Essays: Jewish Tradition
Scripture and Commentary
Although there are many more religious and legal texts written pertaining to the
Jewish tradition, the main texts are the TaNaKh, the Torah (a subdivision of the
TaNaKh), the Midrash, the Mishnah, and the Talmud.
Along with these texts are the
many writings of the philosophers.
The TaNaKh is the Hebrew Bible used in Judaism.
It consists of the Law, the
Prophets, and the sacred writings.
In Hebrew, these are the Torah, the Nevi’im, and the
Ketuvim, respectively (Oxtoby 77).
The Hebrew subsections form the name of the
Hebrew Bible, which is often simply an acronym T-N-K.
The Torah, also known as the Pentateuch or the Five Books of Moses, is the first
five books of the Hebrew Bible:
Genesis, Exodus, Leviticus, Numbers, and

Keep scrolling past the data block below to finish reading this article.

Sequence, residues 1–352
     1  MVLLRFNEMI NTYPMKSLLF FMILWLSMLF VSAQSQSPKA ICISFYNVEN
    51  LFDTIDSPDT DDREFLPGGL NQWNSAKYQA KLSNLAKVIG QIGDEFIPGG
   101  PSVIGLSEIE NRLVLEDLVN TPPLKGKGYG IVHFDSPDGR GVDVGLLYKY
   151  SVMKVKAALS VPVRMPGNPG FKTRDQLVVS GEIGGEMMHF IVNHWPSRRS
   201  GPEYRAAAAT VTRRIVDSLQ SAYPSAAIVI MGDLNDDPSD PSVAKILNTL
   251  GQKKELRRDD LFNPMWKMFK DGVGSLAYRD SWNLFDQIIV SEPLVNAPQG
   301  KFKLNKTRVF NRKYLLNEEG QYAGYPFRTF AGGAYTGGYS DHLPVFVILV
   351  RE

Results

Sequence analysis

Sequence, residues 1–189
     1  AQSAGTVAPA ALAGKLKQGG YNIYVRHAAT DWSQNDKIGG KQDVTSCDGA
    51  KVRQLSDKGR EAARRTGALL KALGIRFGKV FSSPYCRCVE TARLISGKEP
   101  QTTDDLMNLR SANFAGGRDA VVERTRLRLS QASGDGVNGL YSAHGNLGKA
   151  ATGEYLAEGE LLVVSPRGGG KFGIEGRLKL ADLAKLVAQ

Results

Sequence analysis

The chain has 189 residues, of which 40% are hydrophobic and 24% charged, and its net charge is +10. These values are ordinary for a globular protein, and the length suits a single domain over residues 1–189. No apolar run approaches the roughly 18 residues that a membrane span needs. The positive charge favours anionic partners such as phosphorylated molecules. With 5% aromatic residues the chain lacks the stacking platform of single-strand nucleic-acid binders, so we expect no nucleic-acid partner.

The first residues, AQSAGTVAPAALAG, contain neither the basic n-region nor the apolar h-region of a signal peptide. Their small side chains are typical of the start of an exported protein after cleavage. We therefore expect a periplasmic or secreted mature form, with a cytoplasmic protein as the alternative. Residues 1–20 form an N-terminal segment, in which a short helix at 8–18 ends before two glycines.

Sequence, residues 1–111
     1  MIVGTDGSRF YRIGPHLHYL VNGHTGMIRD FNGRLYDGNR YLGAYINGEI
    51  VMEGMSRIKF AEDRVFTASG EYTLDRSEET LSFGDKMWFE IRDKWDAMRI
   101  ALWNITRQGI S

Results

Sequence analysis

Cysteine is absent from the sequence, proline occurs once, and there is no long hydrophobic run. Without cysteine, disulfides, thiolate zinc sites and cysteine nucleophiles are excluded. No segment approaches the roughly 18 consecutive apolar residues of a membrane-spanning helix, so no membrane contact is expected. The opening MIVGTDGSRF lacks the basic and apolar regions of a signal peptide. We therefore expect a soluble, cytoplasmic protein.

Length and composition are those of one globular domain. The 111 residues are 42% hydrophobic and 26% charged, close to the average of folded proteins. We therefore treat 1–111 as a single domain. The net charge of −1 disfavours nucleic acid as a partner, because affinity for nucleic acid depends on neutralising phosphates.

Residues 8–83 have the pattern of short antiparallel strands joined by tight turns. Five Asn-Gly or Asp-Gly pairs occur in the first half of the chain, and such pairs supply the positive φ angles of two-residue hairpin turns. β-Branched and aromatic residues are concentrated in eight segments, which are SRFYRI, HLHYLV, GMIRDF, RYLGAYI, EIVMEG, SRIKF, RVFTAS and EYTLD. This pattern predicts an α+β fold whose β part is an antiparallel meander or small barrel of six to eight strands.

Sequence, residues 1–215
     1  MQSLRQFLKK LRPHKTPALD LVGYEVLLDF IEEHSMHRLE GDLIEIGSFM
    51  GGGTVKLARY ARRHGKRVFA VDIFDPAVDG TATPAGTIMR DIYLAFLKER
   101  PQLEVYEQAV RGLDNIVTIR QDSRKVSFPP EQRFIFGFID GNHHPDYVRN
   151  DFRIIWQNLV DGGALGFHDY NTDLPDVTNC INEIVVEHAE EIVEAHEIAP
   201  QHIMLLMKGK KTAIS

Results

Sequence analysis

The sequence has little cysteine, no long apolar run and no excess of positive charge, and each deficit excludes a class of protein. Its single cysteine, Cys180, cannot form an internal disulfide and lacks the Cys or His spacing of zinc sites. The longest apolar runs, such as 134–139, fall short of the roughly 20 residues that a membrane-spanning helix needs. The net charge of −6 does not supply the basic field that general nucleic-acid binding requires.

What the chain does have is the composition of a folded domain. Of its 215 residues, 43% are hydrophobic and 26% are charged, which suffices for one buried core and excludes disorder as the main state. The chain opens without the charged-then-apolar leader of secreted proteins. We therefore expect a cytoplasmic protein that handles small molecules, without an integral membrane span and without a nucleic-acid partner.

The Torah is arguably the central writing of Judaism.
Most Jews will say
that the Torah was created 974 generations ago by God before the world was created.
tells the story of creation, how God created the world.
After much persecution of the Jews, the idea arose that the only way to preserve
the Oral traditions was to write them down.
Some oral traditions, the commentaries, and
interpretations of the Bible were written down in the Midrash in about 200 CE “generated
by rabbinic sermons” (Oxtoby 78).
The Midrash helps to answer questions posed by the
people pertaining to interpretation of the Torah.
According to Oxtoby, the Mishnah is the “oldest datable rabbinic document” (78),
dating back to 220 CE and written by Rabbi Judah.
The Mishnah has six subdivisions: